Next up is a huge pet peeve of mine and something I’ve brought up many times before but in this instance it’s almost inexcusable. You need to know what your character’s job is. Why? Because people spend one third of their lives performing a job. It is one of the biggest insights into who a person is. If I introduced you to Joe and said he was a butcher, you’d get a pretty good idea of who he was, right? Now let’s say I introduced you to Stacy, and told you she was a divorce lawyer. Again, you’d have a pretty good idea of who Stacy was just by her job. Now I’m not saying you can’t play against those stereotypes and change things around once you get into the story, but you have to start somewhere – and knowing what your character does for a living is immensely helpful in figuring out who they are. If you don’t know what your character is doing for nine hours of every day, then you don’t know your character.
Now in this instance it’s even more of a problem, because the entire movie takes place at the character’s place of work. I suppose there is an off chance that keeping the workplace ambiguous is a part of the plan but I doubt it. But even if that was the case, I think it’s a bad idea. If you don’t know what these people do, then you don’t know what tasks to give them, what projects they need to work on, what their routine would be like. I mean think about it, if they work at a comic book company, it’s going to be a lot different than if they work at the IRS. Every single detail of their day is probably going to be different. But since this hasn’t been figured out, the characters are forced to do generic tasks (or in most cases no tasks), which contributes to the overall generic feel of the screenplay.
Plus, when you have a fun idea like this, it should be fun to come up with the company, because you can play off the monster angle. Maybe, for example, they’re a closet manufacturing company (monsters like to hide in closets). That’s pretty lame, but you get the idea. Now that you have a real company that does real things, you can start coming up with real tasks for your characters. Maybe they’re designing a closet for the richest man in town. Or maybe they’re designing closets for a new school (which the monsters picked specifically because it offered a lot of eatable children). Now you can get your characters out of the building and into the real world doing things. The point is, now you can flesh out your story.
Inhuman resources is an example of a script where the writer has thought of their concept and nothing else. Every single element in the screenplay needs to be fleshed out. I like the idea for the movie. It definitely has potential. But this thing won’t shine until it gets a giant makeover.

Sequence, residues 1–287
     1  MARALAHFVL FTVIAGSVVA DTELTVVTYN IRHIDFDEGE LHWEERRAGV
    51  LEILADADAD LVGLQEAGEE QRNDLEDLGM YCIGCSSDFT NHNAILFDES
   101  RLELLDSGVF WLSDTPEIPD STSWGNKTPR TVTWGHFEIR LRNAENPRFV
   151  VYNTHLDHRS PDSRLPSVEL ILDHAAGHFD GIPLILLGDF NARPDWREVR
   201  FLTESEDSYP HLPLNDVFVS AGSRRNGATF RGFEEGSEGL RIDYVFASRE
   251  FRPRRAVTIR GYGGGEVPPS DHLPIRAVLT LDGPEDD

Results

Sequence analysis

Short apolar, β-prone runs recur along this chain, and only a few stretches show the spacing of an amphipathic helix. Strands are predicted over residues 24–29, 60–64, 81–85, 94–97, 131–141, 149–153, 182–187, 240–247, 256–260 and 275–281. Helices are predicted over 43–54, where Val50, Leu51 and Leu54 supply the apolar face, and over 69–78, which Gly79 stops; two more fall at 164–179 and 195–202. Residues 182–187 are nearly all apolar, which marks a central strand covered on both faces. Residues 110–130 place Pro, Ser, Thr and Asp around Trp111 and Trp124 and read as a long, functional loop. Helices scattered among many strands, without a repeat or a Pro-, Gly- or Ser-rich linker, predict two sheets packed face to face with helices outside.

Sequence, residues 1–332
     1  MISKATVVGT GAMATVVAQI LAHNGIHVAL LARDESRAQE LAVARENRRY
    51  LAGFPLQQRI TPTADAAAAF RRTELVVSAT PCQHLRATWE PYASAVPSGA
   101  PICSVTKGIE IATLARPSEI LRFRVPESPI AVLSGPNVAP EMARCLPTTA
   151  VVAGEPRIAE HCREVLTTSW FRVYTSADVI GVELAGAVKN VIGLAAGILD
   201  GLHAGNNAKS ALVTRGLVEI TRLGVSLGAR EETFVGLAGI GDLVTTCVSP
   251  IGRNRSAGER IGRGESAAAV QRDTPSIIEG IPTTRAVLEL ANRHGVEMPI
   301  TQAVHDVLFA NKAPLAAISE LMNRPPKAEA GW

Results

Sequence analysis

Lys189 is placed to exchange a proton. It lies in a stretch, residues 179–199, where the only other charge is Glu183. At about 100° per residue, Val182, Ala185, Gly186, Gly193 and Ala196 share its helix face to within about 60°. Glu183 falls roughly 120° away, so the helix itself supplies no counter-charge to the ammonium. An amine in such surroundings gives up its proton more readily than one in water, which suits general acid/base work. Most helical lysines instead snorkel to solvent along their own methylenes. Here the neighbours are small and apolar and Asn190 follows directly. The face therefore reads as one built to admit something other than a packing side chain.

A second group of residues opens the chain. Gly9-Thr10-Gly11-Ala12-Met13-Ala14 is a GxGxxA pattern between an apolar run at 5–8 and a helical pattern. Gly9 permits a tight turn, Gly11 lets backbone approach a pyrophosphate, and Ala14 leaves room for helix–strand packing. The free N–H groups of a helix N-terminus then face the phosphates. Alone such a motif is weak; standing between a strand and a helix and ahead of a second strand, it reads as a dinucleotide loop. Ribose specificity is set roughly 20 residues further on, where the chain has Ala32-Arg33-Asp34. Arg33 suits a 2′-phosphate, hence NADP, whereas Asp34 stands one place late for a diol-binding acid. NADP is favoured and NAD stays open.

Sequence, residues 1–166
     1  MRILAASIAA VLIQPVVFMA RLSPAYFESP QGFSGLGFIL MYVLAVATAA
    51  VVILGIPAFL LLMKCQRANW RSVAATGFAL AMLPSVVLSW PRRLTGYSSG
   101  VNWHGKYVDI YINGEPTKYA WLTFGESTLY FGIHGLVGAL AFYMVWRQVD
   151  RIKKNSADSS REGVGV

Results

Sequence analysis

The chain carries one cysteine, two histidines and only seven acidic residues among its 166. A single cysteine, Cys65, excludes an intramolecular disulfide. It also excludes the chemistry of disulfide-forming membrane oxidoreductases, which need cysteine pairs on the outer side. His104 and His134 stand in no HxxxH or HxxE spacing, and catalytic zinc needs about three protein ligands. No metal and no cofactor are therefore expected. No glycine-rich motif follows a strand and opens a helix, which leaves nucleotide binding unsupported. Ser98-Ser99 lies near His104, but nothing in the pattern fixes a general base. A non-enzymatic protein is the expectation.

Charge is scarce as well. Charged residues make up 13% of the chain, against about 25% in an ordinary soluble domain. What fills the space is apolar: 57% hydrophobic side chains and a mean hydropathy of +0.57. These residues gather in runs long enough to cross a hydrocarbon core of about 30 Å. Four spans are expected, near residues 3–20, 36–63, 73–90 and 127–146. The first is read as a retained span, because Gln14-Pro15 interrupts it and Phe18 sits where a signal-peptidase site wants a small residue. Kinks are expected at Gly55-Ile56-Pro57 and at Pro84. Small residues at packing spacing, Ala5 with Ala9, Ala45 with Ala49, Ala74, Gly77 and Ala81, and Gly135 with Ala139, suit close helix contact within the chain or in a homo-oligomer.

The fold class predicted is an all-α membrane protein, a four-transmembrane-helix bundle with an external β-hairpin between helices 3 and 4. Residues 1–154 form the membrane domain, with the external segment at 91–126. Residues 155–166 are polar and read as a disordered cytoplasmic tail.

[ ] What the hell did I just read?
[x] wasn’t for me
[ ] worth the read
[ ] impressive
[ ] genius
What I learned: A couple of lessons here. Never tell anyone that the script you’re giving them is your first script. Richmond was able to get away with it in this case but that’s mainly because I had a déjà vu moment when I read the concept. But most agents/producers/managers know that it usually takes about six scripts before writers really start to understand the craft. So usually, when a writer points out that this is their first script, I close that e-mail faster than George Lopez’s late-night show. You may be proud that you’ve completed your first script – and you should be – but if you want your script to be read, it’s best to keep that information to yourself. Another lesson to learn here– and I’m just bringing this up because the first lesson reminded me of it: Do not inundate your industry contacts with seven or eight different script loglines from your script archives in addition to the script you’re sending them. I don’t claim to know the exact psychology behind this, but whenever a writer does it, it gives off a desperate vibe. But the bigger issue is that readers will probably start wondering, if this person has all these old screenplays that no one liked before, what’s to say this one is any better? When talking about your screenplays, you should probably only mention the screenplay you just finished (that got you the meeting), the screenplay you’re working on, maybe the last screenplay you wrote, and then possibly some future ideas for screenplays. You can even cheat and give them “ideas you’re thinking about writing” that you’ve actually already written. Then, if they like them, you can “write them” really quickly and send them off to them. Now, not only have you given them a screenplay that you know they’ll be interested in, but they think you wrote it in a month, which is always good. Hey, agents lie all the time. Why can’t we?